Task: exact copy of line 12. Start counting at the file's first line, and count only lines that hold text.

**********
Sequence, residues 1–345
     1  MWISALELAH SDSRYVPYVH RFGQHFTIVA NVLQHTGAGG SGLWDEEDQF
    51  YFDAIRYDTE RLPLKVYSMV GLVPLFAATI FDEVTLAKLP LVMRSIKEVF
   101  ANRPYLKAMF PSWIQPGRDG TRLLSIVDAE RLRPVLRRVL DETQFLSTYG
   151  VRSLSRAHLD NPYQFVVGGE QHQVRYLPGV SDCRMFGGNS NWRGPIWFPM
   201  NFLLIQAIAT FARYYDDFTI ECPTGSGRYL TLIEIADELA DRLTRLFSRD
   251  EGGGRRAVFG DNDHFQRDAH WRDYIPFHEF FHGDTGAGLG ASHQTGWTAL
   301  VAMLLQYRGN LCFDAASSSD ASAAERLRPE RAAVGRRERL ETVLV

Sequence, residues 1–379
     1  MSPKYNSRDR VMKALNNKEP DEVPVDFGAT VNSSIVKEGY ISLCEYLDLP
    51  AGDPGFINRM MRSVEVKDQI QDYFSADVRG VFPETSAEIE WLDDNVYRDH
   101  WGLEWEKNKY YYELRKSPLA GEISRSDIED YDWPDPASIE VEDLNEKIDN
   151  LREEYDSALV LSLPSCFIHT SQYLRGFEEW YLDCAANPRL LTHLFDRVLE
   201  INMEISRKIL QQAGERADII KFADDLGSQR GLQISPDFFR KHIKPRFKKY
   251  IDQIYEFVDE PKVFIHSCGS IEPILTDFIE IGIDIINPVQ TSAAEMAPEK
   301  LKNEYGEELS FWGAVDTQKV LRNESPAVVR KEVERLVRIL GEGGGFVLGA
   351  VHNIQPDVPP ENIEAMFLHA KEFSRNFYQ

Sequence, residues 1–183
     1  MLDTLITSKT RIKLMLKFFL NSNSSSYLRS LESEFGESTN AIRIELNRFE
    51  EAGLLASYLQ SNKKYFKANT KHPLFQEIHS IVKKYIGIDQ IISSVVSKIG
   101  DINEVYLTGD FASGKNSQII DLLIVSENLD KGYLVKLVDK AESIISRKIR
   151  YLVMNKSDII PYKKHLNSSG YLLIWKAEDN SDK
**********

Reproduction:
   101  WGLEWEKNKY YYELRKSPLA GEISRSDIED YDWPDPASIE VEDLNEKIDN